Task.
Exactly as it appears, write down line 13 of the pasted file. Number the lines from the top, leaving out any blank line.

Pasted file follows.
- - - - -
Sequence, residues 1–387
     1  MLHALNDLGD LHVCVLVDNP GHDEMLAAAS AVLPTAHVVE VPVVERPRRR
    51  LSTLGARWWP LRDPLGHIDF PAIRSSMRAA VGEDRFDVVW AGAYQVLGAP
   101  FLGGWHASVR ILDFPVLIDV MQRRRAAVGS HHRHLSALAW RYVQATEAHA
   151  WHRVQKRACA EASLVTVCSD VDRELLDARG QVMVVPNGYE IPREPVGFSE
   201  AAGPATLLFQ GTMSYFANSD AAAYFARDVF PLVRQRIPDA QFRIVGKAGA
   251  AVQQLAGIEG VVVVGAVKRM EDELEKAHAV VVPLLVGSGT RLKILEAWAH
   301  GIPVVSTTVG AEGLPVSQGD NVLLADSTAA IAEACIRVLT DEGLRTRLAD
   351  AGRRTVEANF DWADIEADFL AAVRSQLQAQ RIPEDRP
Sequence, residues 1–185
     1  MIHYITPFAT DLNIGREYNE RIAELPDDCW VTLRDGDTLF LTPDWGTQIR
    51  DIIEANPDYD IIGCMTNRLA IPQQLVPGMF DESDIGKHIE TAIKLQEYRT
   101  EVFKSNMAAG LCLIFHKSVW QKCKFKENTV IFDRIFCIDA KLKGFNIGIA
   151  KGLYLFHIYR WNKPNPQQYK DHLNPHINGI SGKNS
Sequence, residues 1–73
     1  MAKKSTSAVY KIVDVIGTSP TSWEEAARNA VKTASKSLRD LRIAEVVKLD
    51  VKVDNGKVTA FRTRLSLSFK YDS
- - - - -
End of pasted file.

   101  EVFKSNMAAG LCLIFHKSVW QKCKFKENTV IFDRIFCIDA KLKGFNIGIA